Mar 15, 2021

My grandmother could not wait to show me her new cleaning solutions she bought from the grocery store. She beamed with pride as she hauled out her new fleet of “green” cleaning supplies. My heart  sank. I had to make a decision in that moment. Was I to commend her on her efforts? Or, burst her eco-friendly bubble and attempt to explain what greenwashing was?

I can’t remember exactly what I said to her, but I know it wasn’t as tactful as it could have been. Or, as thoughtful as how I like to believe I approach these issues today, as I am still often placed in this exact scenario with others. There is a fine line to walk between education, empowerment, and harsh realities when it comes to environmentalism, and greenwashing is no exception, especially when dealing with  your grandma.  

The cleaning solutions she purchased were from a popular company that have made their fortunes  over the decades by selling consumer cleaning supplies chock full of known carcinogens. Greenwashing, if you have ever wondered what the term means, is when deception is used to market a product or service as being environmentally friendly, when it’s really not.

People argue online about companies’ ultimate motives when it comes to greenwashing (I mean, what isn’t argued about online these days?) but it’s often to keep making, or to make more money.  Greenwashing can range anywhere from industry titans using propaganda to further their agendas (perhaps through radio ads around Christmas), to using misleading and unsupported ‘green’ claims on  consumer products. 

So, how can consumers and citizens see through the greenwash?

Thankfully, the Environmental Working Group (EWG) exists, and if you haven’t checked out their consumer guides now is the time to  do so. In my opinion, the EWG is still the best resource available on consumer products so I will not even mention the others, although they do exist. You can search for food, personal care, and household cleaning products in their database to view an ingredient breakdown, and they will cite any health or environmental concerns.

Now, you might be wondering: why would something be on the shelves that have known health and  environmental concerns? Don’t we have protections against that? The unfortunate aspect is that  harmful ingredients in products, and harmful industrial practices, are often rushed through proper testing channels, if any. As long as corporations are raking in profits from these practices, things rarely change. 

Top 5 Tips to Avoid Greenwashing

  1. Get to know your local natural health foods stores and the products they carry. Usually a lot of care (and research) has gone into the sourcing of the products you see on their shelves.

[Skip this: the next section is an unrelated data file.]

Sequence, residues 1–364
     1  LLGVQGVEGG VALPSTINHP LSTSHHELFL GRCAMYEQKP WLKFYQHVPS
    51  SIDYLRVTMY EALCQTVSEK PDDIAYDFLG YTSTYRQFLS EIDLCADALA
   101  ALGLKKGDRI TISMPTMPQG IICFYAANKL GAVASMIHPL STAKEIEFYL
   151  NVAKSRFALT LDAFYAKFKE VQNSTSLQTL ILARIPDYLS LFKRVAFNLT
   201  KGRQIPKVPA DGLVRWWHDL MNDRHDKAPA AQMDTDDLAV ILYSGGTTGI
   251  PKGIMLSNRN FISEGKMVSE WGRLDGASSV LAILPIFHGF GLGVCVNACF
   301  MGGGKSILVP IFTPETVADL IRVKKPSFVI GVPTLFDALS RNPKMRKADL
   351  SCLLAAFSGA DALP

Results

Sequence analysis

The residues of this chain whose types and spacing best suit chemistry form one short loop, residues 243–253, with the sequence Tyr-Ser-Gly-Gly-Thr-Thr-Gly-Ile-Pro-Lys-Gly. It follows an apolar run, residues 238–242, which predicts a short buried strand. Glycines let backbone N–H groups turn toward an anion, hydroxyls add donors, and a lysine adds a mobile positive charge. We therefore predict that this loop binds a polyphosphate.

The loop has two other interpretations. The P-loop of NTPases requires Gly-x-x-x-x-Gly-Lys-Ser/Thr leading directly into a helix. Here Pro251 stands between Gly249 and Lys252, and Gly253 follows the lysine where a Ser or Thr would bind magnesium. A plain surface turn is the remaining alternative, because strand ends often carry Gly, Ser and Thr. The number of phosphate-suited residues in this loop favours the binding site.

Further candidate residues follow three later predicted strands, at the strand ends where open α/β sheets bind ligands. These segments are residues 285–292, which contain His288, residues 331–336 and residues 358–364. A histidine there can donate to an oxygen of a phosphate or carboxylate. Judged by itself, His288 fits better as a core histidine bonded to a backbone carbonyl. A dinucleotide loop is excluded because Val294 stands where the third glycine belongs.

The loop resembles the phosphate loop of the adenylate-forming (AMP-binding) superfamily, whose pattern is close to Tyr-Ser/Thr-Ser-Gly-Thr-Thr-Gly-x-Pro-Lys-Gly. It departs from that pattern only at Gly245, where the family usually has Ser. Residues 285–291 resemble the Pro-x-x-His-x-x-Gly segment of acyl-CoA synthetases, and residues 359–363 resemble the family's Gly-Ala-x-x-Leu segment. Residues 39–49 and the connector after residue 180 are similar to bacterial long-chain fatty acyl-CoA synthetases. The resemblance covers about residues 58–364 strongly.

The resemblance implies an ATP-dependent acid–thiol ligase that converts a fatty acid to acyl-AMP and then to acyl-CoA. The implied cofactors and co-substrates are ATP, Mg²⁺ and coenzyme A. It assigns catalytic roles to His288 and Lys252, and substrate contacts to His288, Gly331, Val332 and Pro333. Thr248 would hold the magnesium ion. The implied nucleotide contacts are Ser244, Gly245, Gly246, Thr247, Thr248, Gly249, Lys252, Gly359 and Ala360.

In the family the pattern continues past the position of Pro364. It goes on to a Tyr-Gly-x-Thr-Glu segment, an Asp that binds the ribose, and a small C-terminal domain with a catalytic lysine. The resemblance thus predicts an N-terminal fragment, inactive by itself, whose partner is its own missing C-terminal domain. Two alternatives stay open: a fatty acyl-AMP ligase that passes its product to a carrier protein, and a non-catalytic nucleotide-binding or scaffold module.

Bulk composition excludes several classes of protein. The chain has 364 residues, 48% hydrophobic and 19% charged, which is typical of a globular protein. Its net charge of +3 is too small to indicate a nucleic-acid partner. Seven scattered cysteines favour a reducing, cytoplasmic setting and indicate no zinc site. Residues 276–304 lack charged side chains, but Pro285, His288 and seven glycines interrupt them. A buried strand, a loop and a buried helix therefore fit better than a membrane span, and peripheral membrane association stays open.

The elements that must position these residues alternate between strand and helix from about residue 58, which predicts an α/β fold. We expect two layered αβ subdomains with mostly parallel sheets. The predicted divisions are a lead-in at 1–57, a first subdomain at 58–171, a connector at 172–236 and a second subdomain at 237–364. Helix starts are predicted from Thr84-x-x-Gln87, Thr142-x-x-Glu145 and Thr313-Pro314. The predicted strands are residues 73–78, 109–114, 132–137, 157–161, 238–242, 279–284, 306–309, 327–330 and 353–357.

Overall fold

2. Doesn’t mean you can’t do a quick search of the brands once you’re back home either. Check out what kind of initiatives the company is doing to combat their C02 footprint and other environmental and ethical concerns.

  3. When you do purchase an item make sure an ingredient list is present on the product. One of the biggest red flags of greenwashing is lack of transparency.

  4. Speaking of ingredients, get comfortable with looking the weird sounding ones up (pssst this is where the EWG consumer guides are great).

  5. Finally, we do the best we can with the information and resources at our disposal. We don’t live in a perfect world, and not everyone can be 100% greenwashing free due to so many variables. We just need more people moving forward together towards greener, cleaner, and planet-friendlier options.

Through advocacy and activism, consumer trends are changing for the better. Thankfully, through education opportunities, like this very blog post, we can help empower others to mitigate those harsh realities we face when it comes to environmental destruction and the climate crisis. The beginning of your journey is always the hardest, but I promise it does get easier. You will eventually create an inventory of trusted brands and products that align with your values, and hopefully you’ll be able to explain greenwashing to your grandmother, with a bit more grace than I was able to!

Melissa Arseneault (Author)
Melissa Arseneault (Author)



More Resources:

  1. “Guide Against Greenwashing.” GRØNNVASKINGSPLAKATEN, Guide Against Greenwashing,

Guest Author:
Melissa Arseneault, Green Living Expert & Coordinator for Green Is Not A Trend – It’s Our Future Project

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